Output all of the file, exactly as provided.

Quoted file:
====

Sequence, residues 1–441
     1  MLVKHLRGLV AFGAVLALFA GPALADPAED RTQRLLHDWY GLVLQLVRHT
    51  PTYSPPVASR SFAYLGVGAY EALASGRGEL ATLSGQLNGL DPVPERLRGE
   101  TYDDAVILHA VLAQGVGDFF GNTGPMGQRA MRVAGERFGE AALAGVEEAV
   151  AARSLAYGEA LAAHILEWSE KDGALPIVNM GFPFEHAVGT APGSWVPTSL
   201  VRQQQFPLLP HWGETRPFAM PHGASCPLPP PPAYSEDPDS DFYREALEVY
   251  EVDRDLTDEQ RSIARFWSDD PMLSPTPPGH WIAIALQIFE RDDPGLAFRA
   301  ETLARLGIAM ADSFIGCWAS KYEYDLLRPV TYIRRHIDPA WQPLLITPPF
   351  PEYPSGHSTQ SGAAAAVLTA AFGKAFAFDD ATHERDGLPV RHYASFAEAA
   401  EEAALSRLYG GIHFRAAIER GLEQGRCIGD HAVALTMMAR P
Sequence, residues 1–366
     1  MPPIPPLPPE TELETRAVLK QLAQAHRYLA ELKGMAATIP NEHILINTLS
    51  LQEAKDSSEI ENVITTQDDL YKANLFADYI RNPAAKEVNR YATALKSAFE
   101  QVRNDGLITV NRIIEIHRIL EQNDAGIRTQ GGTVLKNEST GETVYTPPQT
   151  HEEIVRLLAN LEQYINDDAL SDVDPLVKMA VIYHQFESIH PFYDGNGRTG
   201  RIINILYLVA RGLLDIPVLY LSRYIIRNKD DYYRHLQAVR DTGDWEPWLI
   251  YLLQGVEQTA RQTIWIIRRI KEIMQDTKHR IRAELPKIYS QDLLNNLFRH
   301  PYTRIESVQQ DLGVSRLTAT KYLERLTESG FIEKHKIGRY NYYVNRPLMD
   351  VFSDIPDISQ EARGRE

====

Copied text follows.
Sequence, residues 1–441
     1  MLVKHLRGLV AFGAVLALFA GPALADPAED RTQRLLHDWY GLVLQLVRHT
    51  PTYSPPVASR SFAYLGVGAY EALASGRGEL ATLSGQLNGL DPVPERLRGE
   101  TYDDAVILHA VLAQGVGDFF GNTGPMGQRA MRVAGERFGE AALAGVEEAV
   151  AARSLAYGEA LAAHILEWSE KDGALPIVNM GFPFEHAVGT APGSWVPTSL
   201  VRQQQFPLLP HWGETRPFAM PHGASCPLPP PPAYSEDPDS DFYREALEVY
   251  EVDRDLTDEQ RSIARFWSDD PMLSPTPPGH WIAIALQIFE RDDPGLAFRA
   301  ETLARLGIAM ADSFIGCWAS KYEYDLLRPV TYIRRHIDPA WQPLLITPPF
   351  PEYPSGHSTQ SGAAAAVLTA AFGKAFAFDD ATHERDGLPV RHYASFAEAA
   401  EEAALSRLYG GIHFRAAIER GLEQGRCIGD HAVALTMMAR P
Sequence, residues 1–366
     1  MPPIPPLPPE TELETRAVLK QLAQAHRYLA ELKGMAATIP NEHILINTLS
    51  LQEAKDSSEI ENVITTQDDL YKANLFADYI RNPAAKEVNR YATALKSAFE
   101  QVRNDGLITV NRIIEIHRIL EQNDAGIRTQ GGTVLKNEST GETVYTPPQT
   151  HEEIVRLLAN LEQYINDDAL SDVDPLVKMA VIYHQFESIH PFYDGNGRTG
   201  RIINILYLVA RGLLDIPVLY LSRYIIRNKD DYYRHLQAVR DTGDWEPWLI
   251  YLLQGVEQTA RQTIWIIRRI KEIMQDTKHR IRAELPKIYS QDLLNNLFRH
   301  PYTRIESVQQ DLGVSRLTAT KYLERLTESG FIEKHKIGRY NYYVNRPLMD
   351  VFSDIPDISQ EARGRE